Sunday, May 14, 2017
1375 - Zones Of Shade In Ink
A combination of lack of meaningful work and a willingness to be distracted that goes beyond normal reason means that I haven't posted much to JSVB, and I certainly haven't been drawing anything exciting.
I decided to go back to art school basics. Above is a drill to practice making grades of shade. It's pretty easy to do this with the computer, harder to do it with paint, and kind of tricky with pen and ink.
The exercise begins with defining the ends of the scale: pure black and pure white. Then you discover the intermediate shades. With a computer this is easy, since most colour scales range as defined bit elements numbered from 0 to 256. If you want a particular value, you can arrive at it mathematically: 0 is white and 256 is black, so if you wanted something halfway in between, you'd enter a value of 128, which is 256 divided by two.
Ansel Adams, the master of photography, used a zone system that works much like the computer bit range. Black is 0 and white is Roman numeral X. Adams' system has eleven values, so that the mid-range value V is in the center of the scale. Adams would carefully measure his subjects with a light meter to make certain all eleven values were represented in his photograph. Human and animal subjects tend to fidget when being metered so much, so Adams used this system best on his gorgeous landscapes. In order to make the subject fit all eleven zones, he adjusted his camera exposure to try to account for as many as possible, similar to using the histogram function in a digital camera. If there were zones missing, he would add them during development using dodge and burn techniques. In this way, aligning the picture's value scale to the zones was both additive and subtractive depending on his method.
There is far more to the Adams Zone System than I will mention here. Although there were eleven values to the range, only the middle seven were practical. This aligns with what I have learned about painting, in that you can lay down a mid-range colour as your base value, and then either lighten it or darken it by three steps each.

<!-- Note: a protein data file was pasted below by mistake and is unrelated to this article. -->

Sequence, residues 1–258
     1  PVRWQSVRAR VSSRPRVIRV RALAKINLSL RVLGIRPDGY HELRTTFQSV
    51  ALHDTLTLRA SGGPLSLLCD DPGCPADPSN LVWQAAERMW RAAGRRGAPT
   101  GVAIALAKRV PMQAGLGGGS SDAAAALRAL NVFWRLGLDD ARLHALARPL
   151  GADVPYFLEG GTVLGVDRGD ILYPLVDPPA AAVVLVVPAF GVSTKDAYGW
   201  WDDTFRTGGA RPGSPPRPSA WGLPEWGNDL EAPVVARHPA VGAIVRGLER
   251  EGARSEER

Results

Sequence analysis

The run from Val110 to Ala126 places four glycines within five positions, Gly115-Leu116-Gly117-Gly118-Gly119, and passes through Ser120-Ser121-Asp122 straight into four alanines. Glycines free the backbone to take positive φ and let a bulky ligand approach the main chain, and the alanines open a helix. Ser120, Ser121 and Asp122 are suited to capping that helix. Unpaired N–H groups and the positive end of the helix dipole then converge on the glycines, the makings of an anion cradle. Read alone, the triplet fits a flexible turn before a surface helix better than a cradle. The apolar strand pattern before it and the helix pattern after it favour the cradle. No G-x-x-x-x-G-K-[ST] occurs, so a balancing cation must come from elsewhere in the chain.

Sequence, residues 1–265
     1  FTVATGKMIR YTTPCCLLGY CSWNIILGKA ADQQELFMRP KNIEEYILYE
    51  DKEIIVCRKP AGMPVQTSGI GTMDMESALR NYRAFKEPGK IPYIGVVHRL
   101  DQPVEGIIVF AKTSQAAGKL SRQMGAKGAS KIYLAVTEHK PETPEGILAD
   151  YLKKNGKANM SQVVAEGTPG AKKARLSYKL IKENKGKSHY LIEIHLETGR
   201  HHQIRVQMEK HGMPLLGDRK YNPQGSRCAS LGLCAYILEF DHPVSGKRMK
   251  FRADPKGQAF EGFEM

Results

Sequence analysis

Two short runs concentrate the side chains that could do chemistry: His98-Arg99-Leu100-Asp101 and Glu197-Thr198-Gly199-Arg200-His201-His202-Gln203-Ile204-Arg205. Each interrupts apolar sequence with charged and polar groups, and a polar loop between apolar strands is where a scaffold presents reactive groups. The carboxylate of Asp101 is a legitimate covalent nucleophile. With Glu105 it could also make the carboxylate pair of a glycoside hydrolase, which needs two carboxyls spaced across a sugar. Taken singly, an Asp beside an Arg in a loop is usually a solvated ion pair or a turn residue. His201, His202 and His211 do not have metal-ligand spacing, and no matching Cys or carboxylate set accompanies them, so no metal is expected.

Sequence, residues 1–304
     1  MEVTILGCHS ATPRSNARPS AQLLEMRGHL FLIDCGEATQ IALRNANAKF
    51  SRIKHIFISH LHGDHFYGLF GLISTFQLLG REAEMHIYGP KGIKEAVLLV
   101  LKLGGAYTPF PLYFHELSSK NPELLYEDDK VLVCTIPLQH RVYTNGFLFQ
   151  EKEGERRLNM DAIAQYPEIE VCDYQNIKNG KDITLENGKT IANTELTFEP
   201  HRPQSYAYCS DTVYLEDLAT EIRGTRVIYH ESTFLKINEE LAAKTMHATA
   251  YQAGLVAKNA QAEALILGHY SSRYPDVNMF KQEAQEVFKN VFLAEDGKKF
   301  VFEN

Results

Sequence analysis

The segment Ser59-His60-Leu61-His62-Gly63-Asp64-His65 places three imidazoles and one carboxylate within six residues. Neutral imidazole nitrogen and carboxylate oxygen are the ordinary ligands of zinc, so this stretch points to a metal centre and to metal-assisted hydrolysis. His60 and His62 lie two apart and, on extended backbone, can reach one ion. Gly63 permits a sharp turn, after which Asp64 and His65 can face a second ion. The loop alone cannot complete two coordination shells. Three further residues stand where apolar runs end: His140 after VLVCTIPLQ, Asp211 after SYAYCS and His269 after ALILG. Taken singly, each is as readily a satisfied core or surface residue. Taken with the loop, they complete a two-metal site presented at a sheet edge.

With paint, you can change the value by tinting it lighter with white or shade it darker by adding black. That's the very basics, anyways. It's also an additive and subtractive system, since you can always adjust a colour by using tint and shade.
Ink is difficult to translate into zones since it's only additive, a one-way trip. I suppose you could subtract from back ink by using white ink, but since a pen is a linear tool, you are simply adding black or white lines depending on ink. Once the ink is laid, you cannot subtract from it. So, to create zones, you start with white and add a few lines until you get your next zone. You add more lines to the second zone and so forth until you get all the zones you need.
Since creating zones with ink is laborious,renowned illustrator Alphonse Dunn encourages us to use just six a, b, c, d, e, and f values as I have above. This eliminates the mid-range value (c₁, pictured as "cd"), but it has the benefit of making the process of shading easier.
The first two values (a,b) can be condensed to make an even simpler value: black. The next two values (c,d) can be condensed to make the mid-range grey. The final two values (e,f) condense to make white. Now we have a compact three-point scale which can be used to define the values of the portrait much more quickly than Adams' method. Since all the shades have to be rendered by hand rather than through the process of photography, simplicity is golden. You start with white and work your way up to black using first the three point scale and then by refining the shades using the six point scale.